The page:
Installation and proper use of four-sided isolation fencing could prevent 50-90 percent of residential pool drownings.

Gear

  • Many tweens (kids aged eight to 12) admit they never wear a life jacket when riding on a personal watercraft (50 percent), participating in water sports (37 percent) or on a boat (16 percent).
  • One in five parents (19 percent) mistakenly believes that air-filled water wings can protect their child from drowning.

It is estimated that 85 percent of boat-related drownings could be prevented if all passengers were wearing properly fitting life vests.

Education

  • Nearly three-quarters (74 percent) of drowning victims studied did not know how to swim. Seventy-three percent of victims ages five to nine and 30 percent of victims ages 10 to 14 were non-swimmers.
  • Although the majority of parents agree that all children should have swimming instruction by the age of eight, 37 percent of parents report that their child has never taken lessons.

SAFE KIDS recommends that children should be enrolled in swimming lessons with a certified instructor by the age of eight.

Splash Into Safety

Throughout SAFE KIDS Week hundreds of SAFE KIDS coalitions and chapters will conduct safety fairs and community events all across the nation to teach families how to prevent recreational water injuries and save lives. As part of this initiative, the Johnson & Johnson Family of Companies has created an informative Water Safety Checklist (in English and Spanish) to help parents determine their own level of knowledge of water injury prevention for their children. The test is being distributed at community events and through retail stores along with safety information and a free-standing insert of coupons to 45 million households across the nation.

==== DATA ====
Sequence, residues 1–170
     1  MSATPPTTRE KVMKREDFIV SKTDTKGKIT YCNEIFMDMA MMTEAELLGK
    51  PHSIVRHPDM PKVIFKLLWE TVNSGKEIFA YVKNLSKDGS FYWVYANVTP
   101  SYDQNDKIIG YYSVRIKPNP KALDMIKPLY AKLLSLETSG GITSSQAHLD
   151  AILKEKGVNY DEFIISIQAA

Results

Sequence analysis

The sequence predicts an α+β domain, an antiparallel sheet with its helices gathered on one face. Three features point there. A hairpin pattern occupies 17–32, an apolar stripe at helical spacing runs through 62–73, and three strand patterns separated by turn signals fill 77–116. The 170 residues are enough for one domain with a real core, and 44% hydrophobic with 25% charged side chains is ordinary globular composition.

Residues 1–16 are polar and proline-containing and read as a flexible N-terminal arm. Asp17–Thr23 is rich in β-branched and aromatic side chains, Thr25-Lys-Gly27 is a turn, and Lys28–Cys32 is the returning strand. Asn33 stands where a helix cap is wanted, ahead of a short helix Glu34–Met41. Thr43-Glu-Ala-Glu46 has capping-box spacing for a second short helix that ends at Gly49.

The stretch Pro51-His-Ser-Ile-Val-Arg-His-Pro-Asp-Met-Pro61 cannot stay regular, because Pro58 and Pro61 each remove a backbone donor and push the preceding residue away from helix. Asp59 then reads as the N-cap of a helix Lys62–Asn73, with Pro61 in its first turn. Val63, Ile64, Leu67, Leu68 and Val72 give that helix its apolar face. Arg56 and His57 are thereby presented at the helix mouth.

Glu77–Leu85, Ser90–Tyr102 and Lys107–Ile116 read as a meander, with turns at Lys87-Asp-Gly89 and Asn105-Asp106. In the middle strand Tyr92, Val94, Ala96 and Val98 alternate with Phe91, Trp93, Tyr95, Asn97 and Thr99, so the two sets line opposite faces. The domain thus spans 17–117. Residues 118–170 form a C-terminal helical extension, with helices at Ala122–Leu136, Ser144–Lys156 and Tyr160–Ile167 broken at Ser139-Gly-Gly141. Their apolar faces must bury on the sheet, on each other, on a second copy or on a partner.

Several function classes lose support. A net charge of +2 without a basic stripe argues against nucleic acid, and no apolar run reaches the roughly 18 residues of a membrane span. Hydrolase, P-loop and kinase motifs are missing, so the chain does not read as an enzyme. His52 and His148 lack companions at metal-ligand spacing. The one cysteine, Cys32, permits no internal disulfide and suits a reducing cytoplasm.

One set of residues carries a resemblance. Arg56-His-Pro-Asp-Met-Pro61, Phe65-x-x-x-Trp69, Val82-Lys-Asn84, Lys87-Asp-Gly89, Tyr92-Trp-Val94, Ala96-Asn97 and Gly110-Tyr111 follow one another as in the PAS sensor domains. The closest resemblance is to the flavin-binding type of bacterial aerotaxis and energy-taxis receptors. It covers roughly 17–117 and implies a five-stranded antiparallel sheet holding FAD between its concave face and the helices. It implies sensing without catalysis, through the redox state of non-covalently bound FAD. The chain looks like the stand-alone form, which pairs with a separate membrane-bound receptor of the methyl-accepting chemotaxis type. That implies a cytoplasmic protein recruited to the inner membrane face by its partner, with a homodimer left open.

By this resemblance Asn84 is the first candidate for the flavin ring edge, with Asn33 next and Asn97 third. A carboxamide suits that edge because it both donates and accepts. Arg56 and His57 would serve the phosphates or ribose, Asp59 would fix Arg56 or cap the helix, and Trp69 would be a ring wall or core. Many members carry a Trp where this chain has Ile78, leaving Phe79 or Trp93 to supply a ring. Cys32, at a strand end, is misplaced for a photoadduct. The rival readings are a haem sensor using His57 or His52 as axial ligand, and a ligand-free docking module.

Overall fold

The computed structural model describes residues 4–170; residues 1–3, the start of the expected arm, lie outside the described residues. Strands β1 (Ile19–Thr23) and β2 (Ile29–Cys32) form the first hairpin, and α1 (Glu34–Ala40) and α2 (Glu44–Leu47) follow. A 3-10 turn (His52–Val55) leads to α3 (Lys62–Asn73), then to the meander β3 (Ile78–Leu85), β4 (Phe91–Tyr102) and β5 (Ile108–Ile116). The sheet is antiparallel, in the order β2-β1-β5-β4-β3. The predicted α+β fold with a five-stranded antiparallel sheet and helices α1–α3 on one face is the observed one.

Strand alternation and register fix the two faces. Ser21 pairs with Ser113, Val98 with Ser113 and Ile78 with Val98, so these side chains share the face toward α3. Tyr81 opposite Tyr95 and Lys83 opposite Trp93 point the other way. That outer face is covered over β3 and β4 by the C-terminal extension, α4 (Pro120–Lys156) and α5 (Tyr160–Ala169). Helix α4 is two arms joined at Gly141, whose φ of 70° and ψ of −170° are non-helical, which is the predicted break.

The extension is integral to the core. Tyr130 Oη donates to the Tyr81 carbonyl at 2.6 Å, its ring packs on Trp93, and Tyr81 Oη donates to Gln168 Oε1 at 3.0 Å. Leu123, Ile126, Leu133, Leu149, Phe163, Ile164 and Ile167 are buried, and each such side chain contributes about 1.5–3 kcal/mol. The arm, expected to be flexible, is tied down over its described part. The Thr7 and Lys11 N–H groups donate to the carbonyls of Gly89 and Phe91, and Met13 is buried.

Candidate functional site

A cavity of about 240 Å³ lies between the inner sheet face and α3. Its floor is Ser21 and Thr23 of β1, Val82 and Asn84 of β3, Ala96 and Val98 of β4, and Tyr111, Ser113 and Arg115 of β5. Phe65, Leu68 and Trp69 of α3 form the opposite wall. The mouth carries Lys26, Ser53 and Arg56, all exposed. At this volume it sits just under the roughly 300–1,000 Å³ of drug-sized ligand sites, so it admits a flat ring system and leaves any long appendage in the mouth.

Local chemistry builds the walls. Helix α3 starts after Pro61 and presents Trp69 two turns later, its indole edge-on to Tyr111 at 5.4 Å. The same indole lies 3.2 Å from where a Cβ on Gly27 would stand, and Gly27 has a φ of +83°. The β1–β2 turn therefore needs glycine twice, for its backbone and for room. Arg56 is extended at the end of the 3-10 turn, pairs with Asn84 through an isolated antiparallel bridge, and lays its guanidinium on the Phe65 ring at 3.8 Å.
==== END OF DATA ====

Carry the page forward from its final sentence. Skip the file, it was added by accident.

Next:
Johnson & Johnson also is supporting SAFE KIDS Week with a national advertising campaign and a donation of 2,000 personal flotation devices to SAFE KIDS coalitions across the country. Johnson & Johnson has developed a marketing partnership with Turner Broadcasting to distribute public education advertorials supporting SAFE KIDS Week 2004.

For more information or for a copy of the SAFE KIDS/Johnson & Johnson Clear Danger: A National Study of Childhood Drowning and Related Attitudes and Behaviors, contact the National SAFE KIDS Campaign at (202) 662-0600 or visit www.safekids.org.

Johnson & Johnson, with approximately 109,500 employees, is the world's most comprehensive and broadly-based manufacturer of health care products, as well as a provider of related services, for the consumer, pharmaceutical and medical devices and diagnostics markets. Johnson & Johnson has more than 200 operating companies in 57 countries around the world, selling products in more than 175 countries.

The National SAFE KIDS Campaign is the first and only national nonprofit organization dedicated solely to the prevention of unintentional childhood injury – the number one killer of children ages 14 and under. More than 300 state and local SAFE KIDS coalitions in all 50 states, the District of Columbia and Puerto Rico comprise the campaign.